From the NYT’s “Not in My Port, Charleston’s Cruise Ship Opponents Say”:

In this Southern coastal city that runs on history and hospitality, a raucous civic debate belies a genteel veneer.

Like several communities that hug the nation’s coastline, Charleston is struggling to balance the economic benefits of cruise ships against their cultural and environmental impact.

Last week’s debacle aboard Carnival Cruise Lines’ Triumph, in which an engine fire stranded 4,200 people in the Gulf of Mexico for five days, has done little to deter those civic leaders who believe that building a new $35 million cruise terminal will be a great boon for this port city.

But for people like Jay Williams, a homeowner in the historic district who writes a blog for Charleston Communities for Cruise Control, a preservationist group, the nightmare on the Triumph is one more piece of evidence in the case against a fast-growing form of travel.

And there, in a nutshell, is the debate that will heat up in Savannah over the next couple of years, if a study determines that we are even viable as a cruise ship terminal location. (My guess is that the heavy commercial traffic on the Savannah River — predicted to get far heavier in the coming decades — will preclude the possibility of cruise ships here, but that’s just a guess.)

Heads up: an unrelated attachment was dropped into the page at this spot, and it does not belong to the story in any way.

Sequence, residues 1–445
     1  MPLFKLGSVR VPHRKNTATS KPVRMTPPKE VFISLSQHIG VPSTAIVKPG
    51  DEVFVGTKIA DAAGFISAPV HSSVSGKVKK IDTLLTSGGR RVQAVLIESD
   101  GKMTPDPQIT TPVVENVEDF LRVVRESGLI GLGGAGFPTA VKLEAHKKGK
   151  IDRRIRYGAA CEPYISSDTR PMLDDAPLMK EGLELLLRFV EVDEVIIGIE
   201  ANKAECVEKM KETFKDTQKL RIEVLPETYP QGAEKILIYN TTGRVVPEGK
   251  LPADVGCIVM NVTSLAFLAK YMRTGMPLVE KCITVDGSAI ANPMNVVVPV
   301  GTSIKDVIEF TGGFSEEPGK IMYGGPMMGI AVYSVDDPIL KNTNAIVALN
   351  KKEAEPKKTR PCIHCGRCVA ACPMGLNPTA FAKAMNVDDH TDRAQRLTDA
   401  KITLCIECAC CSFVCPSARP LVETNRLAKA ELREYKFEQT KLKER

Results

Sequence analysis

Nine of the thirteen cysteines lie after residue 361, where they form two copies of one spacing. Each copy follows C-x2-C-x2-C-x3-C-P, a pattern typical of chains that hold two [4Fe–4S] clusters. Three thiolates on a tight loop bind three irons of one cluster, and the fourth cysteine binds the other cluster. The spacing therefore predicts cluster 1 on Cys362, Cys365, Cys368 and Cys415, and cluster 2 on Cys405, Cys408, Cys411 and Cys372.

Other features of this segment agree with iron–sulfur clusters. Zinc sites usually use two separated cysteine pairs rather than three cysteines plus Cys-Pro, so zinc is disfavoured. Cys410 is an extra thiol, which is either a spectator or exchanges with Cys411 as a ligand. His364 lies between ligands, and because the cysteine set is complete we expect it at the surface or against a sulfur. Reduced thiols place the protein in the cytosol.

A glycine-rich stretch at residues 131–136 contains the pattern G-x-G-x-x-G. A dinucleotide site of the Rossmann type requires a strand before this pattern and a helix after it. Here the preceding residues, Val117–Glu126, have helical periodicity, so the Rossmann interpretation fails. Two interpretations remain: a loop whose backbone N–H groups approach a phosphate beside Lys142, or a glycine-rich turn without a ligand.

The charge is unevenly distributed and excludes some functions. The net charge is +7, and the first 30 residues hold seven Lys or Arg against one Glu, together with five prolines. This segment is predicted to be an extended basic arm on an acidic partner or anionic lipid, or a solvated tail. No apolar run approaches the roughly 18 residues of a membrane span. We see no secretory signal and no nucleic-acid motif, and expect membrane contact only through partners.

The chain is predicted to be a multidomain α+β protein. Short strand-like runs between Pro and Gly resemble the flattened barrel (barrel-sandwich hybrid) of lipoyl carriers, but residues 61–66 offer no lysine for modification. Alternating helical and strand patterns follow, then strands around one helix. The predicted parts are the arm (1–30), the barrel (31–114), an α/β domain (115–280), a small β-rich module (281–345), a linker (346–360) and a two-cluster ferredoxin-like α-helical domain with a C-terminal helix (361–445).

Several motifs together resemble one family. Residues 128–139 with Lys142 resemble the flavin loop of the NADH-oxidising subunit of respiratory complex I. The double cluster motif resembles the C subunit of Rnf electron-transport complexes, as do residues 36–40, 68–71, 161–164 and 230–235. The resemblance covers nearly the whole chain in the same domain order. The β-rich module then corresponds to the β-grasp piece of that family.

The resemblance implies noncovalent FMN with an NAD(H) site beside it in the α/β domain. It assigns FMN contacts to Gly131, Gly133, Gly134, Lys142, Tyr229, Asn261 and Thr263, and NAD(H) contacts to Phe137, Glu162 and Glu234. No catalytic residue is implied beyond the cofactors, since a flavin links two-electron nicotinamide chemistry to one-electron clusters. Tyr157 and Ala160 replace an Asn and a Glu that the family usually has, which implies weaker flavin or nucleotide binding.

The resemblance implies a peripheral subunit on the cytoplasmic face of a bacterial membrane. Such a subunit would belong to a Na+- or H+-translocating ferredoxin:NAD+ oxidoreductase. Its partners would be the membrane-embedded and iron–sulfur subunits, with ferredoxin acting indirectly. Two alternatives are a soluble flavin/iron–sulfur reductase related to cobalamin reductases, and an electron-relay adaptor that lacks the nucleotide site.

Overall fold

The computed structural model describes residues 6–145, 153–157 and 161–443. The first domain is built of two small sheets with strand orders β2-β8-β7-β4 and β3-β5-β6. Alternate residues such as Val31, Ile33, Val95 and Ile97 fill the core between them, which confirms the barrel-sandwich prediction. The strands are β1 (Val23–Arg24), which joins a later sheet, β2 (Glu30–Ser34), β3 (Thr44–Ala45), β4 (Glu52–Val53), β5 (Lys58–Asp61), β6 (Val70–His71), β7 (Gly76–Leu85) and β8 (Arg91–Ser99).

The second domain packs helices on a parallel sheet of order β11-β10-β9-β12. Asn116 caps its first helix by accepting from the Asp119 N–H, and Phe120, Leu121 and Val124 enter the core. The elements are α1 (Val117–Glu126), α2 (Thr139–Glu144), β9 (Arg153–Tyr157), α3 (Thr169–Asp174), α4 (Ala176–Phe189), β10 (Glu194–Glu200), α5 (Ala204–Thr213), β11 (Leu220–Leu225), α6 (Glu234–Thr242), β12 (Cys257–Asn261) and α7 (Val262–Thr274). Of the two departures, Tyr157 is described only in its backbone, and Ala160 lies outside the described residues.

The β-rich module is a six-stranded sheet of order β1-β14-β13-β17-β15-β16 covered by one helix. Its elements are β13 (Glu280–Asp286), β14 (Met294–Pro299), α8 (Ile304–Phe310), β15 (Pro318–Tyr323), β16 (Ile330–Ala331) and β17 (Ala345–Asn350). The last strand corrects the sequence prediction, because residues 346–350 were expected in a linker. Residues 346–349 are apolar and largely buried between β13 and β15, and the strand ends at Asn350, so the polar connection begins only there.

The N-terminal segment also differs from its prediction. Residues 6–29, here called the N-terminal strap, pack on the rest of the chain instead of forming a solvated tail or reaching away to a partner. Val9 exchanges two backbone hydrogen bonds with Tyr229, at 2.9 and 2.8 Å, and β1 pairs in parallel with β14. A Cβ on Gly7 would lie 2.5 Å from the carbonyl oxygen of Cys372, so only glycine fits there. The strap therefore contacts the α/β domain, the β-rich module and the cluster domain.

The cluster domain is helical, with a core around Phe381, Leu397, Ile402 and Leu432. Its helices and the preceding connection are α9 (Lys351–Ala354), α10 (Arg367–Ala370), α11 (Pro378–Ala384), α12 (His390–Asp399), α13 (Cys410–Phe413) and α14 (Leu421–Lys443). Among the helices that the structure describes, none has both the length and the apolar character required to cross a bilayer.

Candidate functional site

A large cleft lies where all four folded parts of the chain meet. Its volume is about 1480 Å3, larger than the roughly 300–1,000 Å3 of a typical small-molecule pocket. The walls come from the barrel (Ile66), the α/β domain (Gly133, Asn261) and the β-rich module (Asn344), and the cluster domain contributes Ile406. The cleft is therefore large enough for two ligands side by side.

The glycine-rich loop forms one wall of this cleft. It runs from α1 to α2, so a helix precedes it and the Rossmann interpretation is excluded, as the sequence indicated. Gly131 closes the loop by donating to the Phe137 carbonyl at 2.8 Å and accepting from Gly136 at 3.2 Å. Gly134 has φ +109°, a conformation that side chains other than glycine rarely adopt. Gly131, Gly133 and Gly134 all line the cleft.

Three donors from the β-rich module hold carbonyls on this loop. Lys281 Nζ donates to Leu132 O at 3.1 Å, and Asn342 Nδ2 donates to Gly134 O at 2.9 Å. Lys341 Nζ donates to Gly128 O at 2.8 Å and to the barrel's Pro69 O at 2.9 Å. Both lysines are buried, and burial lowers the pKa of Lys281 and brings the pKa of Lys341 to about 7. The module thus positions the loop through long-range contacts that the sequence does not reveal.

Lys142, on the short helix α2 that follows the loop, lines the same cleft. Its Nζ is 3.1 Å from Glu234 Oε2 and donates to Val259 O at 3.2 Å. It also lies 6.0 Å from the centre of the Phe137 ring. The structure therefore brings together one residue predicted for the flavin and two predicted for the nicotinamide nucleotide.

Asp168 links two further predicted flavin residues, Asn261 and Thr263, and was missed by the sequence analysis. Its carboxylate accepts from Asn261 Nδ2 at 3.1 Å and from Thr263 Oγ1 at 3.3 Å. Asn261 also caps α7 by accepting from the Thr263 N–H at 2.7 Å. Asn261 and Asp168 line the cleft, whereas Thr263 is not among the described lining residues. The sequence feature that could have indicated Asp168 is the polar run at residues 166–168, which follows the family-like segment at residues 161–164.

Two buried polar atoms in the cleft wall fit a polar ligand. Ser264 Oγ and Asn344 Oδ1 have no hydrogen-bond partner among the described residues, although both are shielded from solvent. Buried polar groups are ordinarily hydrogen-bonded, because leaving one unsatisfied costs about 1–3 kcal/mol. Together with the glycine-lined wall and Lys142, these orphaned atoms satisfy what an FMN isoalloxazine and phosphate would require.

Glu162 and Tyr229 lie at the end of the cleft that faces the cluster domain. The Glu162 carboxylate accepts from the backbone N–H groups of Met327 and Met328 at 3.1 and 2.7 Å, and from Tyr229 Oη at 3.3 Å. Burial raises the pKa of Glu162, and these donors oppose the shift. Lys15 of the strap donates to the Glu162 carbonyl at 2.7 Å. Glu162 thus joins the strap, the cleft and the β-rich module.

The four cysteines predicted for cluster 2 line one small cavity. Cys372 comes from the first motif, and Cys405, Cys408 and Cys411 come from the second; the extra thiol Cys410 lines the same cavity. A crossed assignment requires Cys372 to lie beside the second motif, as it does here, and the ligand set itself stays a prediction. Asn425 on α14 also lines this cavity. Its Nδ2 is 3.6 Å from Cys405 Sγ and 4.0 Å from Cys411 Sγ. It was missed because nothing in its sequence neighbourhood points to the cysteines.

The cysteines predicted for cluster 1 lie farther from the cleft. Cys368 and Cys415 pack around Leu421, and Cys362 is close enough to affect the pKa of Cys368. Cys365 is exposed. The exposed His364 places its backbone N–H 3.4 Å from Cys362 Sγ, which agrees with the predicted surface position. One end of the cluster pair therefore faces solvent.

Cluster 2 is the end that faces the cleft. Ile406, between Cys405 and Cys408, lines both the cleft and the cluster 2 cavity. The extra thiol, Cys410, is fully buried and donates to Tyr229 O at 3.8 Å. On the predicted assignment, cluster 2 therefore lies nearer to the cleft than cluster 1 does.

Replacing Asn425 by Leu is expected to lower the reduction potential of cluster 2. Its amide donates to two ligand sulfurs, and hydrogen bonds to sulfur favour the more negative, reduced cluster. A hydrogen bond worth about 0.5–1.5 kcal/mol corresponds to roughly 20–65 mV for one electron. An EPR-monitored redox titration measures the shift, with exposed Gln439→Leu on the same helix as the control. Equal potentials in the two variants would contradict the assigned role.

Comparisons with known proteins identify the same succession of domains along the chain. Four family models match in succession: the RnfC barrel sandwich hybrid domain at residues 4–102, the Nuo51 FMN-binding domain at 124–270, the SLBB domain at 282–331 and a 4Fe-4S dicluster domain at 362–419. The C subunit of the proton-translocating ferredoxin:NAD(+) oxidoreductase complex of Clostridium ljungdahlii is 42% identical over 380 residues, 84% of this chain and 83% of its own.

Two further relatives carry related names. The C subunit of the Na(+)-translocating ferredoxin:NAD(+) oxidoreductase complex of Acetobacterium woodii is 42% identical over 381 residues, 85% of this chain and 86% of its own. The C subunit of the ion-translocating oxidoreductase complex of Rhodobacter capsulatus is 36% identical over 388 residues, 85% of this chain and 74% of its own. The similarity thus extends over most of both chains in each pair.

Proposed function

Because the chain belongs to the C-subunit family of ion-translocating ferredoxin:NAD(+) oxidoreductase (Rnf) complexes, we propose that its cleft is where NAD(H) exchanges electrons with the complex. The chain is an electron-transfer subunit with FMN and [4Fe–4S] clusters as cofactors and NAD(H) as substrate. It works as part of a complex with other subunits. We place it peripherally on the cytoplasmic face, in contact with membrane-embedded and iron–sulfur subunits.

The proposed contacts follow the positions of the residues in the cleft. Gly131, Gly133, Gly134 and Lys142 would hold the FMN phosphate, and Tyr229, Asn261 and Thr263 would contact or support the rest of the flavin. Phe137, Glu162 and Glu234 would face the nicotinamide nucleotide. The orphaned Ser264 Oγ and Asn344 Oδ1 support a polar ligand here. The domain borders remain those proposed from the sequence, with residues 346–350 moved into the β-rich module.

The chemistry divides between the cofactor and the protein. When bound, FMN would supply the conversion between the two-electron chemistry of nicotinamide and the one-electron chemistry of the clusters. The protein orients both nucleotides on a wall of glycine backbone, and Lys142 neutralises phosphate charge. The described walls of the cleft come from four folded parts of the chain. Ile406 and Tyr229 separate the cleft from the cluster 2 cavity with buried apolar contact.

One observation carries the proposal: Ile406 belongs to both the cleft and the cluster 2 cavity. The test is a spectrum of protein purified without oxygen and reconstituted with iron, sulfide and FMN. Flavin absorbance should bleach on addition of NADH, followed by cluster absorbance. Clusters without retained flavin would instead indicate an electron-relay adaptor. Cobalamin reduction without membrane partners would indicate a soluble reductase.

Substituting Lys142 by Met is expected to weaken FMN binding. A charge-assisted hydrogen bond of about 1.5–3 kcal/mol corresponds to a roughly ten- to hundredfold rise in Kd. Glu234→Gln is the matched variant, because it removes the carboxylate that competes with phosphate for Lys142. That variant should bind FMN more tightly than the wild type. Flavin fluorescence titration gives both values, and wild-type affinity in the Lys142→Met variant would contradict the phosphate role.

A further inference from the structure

The battle over cruise ships is largely one about “crowding out”.

In other words, if we devote a big stretch of riverfront to a cruise ship terminal and skew the downtown economy toward accommodating the cruise ship riders (and their cars), what other development will be pre-empted? What will happen to the downtown residential population and to quality of life? How will the cruise ship tourists — arriving in waves — impact our tourist-dependent businesses? Will an emphasis on cruise ships hurt efforts to bring higher-spending cultural tourists to town?

I posted about some of these issues a couple of weeks ago after a conference — held in Charleston — about historic seaports.

SavannahRed has a really interesting blog post up this week — “The Savannah Cruise Shake” — emphasizing the need for balanced debate about costs and benefits.

There have been a number of mentions in the press lately of Mobile, where Carnival pulled out after the city funded a terminal. As Adam Van Brimmer notes on his blog at SavannahNow, that terminal found a use this week: as the dock for the crippled cruise ship that leads off the NYT’s piece.

This is not a cruise ship, but I bet some ads for cruises will appear on this page:
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